Guatemala Huehuetenango Huipil

Guatemala Huehuetenango Huipil


Арт.: #2562
Країна: Гватемала
Регіон: La Democracia, Huehuetenango
Кооператив: Small Producers
Станція обробки: Producer Owned Washing Stations
Ферма: Small Producers
Ґрунт: Clay
Висота вирощування: 1600 to 1800 masl
Різновид: Caturra, Pache, Catuai
Середні опади, mm: 1500 mm
Середні температури, °C: 20C
Період цвітіння: June/July
Період врожаю: January/March
Обробка: Washed
Ферментація: Water Tanks
Сушіння: Serben Drying Mill / Patio

Про каву:

The region of La Democracia in Huehuetenango is known for specialty coffees in Guatemala. The high altitude, hand depulped and washed creates distinct flavours. Normally each one of these small producers, have up to 1 hectare of land and dry the coffees on the roofs of their houses. High acidity and full cups make these coffees unique.

The word huipil comes from the Nahuatl (the main language of ancient civilizations in Central America) word huipilli, which means “mi tapado” or “something that covers” in English. It is believed that the origin of this textile dates from pre-Hispanic times because some representations of high-hierarchy women using colorful robes are found in ancient ceramics.

These representations indicate that, at first, huipiles were mainly used for ceremonial situations. Later, huipiles became more popular among people of varying social status, thus becoming a type of clothing for daily use.

Huipiles are made using traditional Guatemalan weaving techniques. The art of weaving has been taught from generation to generation to maintain the heritage and pass down valuable insights about shape and designs. The elaboration process and materials used for huipiles production changed with time. However, the colors, shapes, and patterns have been repeated for centuries in an effort to maintain tradition and heritage.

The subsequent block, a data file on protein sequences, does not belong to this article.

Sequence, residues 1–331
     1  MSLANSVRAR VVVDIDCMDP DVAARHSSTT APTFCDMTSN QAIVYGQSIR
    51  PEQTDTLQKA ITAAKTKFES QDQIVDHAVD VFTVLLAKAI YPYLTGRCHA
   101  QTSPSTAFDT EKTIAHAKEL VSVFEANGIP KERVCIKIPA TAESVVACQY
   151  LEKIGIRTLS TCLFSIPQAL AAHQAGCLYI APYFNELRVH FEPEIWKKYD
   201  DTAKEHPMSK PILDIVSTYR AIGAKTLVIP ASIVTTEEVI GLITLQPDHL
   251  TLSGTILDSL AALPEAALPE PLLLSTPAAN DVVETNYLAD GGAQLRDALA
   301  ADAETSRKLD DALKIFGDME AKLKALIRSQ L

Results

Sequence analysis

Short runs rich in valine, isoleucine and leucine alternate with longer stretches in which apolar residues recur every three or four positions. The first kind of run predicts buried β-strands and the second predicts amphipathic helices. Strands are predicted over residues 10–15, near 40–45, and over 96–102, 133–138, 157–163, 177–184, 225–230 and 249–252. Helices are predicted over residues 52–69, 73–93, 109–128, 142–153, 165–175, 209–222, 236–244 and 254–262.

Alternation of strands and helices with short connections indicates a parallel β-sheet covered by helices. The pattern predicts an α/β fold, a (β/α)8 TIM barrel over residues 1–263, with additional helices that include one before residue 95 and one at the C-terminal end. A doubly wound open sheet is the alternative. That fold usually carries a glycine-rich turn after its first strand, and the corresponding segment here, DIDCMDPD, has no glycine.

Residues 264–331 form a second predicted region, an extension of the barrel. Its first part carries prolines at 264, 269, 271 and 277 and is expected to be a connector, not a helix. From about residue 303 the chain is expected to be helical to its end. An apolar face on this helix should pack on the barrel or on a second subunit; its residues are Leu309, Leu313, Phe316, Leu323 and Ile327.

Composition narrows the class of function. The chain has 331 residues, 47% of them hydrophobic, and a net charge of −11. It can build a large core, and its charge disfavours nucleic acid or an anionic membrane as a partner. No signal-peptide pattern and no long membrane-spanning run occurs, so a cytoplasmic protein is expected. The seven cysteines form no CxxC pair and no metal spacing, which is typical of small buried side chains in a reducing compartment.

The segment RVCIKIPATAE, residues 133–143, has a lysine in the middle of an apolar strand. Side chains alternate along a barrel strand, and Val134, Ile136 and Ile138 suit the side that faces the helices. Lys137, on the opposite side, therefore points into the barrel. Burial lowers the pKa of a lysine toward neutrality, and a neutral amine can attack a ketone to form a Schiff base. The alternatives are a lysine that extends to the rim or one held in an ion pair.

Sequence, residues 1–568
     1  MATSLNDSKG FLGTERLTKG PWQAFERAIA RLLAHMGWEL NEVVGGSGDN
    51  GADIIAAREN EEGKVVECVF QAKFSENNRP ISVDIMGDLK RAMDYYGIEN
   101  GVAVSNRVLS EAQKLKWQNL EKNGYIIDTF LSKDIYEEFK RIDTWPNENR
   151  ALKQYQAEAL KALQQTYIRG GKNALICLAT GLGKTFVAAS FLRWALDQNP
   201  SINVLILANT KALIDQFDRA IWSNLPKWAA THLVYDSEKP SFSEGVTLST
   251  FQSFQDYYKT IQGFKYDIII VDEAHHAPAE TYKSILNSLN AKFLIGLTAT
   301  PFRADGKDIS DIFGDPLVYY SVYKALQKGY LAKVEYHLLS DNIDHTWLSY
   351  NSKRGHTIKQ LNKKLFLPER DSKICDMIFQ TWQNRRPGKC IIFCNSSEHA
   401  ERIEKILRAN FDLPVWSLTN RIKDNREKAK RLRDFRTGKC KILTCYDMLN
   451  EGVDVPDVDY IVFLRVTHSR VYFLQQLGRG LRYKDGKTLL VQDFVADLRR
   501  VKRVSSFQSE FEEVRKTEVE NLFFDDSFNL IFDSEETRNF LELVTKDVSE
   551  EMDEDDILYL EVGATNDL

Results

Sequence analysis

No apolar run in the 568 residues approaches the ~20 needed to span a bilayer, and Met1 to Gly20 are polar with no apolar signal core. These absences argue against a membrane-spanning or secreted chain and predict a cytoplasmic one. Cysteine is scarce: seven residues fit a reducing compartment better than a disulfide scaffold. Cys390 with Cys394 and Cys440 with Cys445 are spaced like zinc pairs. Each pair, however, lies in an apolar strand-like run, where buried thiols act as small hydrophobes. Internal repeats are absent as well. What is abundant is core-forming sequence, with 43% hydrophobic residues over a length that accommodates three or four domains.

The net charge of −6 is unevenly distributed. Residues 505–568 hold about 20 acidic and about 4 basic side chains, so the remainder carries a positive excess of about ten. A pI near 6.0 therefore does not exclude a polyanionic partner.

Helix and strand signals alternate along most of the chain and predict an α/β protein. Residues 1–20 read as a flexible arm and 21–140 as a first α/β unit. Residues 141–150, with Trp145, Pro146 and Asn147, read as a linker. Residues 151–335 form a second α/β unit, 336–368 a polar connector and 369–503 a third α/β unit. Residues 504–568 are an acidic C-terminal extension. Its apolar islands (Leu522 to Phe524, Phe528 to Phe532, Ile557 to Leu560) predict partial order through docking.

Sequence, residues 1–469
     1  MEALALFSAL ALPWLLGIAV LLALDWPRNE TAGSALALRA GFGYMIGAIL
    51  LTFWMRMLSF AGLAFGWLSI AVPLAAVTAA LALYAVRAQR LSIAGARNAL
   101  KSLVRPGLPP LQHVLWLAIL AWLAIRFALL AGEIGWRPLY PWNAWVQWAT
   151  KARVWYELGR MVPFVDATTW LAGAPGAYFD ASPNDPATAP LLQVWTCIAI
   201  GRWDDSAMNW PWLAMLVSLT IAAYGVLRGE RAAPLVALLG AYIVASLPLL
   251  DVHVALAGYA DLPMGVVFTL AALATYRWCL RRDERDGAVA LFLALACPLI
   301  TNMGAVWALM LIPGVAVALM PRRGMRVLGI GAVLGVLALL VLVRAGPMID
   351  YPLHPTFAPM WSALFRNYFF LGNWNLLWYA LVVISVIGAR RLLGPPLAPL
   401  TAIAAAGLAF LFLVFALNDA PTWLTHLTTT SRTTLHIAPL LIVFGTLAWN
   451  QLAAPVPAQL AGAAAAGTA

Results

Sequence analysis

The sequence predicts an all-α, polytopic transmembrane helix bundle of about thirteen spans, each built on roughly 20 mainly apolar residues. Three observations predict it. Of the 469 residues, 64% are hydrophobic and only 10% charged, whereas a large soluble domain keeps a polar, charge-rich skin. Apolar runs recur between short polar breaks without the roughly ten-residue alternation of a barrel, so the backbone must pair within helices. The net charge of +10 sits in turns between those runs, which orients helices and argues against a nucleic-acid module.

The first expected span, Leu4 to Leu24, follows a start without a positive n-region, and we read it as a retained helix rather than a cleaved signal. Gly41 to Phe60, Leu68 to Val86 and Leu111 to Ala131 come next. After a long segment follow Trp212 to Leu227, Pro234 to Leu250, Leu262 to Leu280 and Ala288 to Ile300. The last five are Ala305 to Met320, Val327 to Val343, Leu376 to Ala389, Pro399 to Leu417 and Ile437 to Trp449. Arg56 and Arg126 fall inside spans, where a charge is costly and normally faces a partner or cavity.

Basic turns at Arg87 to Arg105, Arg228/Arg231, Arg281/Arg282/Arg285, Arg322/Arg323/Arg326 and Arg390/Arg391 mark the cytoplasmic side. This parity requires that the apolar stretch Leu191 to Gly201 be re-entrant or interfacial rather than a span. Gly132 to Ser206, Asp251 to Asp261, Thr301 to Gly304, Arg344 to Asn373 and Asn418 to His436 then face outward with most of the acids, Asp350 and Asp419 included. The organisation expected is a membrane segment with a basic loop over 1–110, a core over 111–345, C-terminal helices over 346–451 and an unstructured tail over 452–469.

Traditionally, huipiles were made using cotton and agave fibers while cochineal colorant, tree bark’s indigo, and coffee were used as natural dyes to produce colored thread. After the Spanish conquest, some elements such as silk and wool were incorporated as weaving materials. Nowadays, cotton, wool, synthetic and acrylic fibers are the most common materials for huipil production.

The production of a huipil is one of the most time-consuming activities among the Guatemalan textiles traditions. This piece of clothing is traditionally woven on a waist loom and it takes about two to three months to manufacture a single piece. Today, a foot pedal version of the loom is used to reduce production time. However, some weavers make their best effort to continue the weaving heritage by continuing to use traditional waist looms.

Each Guatemalan huipil has specific colors and designs that serve as a visual representation of the Mayan symbology and cosmovision. Weavers choose motifs and patterns that represent the history, traditions, and beliefs of specific indigenous communities. The design of a huipil is so carefully chosen that they allow you to know the indigenous community where it was made just by looking at the colors and motifs!

The most common colors in huipiles are blue, red, yellow, black, white, and green. The embroidered designs can have animal, plant, or astrology-related motifs. Interpretation of designs and color symbolism varies depending on the community where the piece was woven. It is generally believed that each color symbolizes the following:

  • Blue: The sky and water
  • Red: Sunrise, daytime, and energy and power
  • Yellow: The sun and corn
  • Black: Sunset, nighttime, death, recovery, and war.
  • White: Air, spirituality, and hope
  • Green: Plant life, royalty and represents the Quetzal (national bird of Guatemala)

Moreover, as part of a beauty ritual, women in Guatemala use the Huipil for clothing and beautiful ribbons for hair wrapping.  Most women wear the ribbon around the crown of the head and then wrap it around braids in a spiral shape. Hair wraps are as beautiful and colorful as huipils with different patterns and embroideries.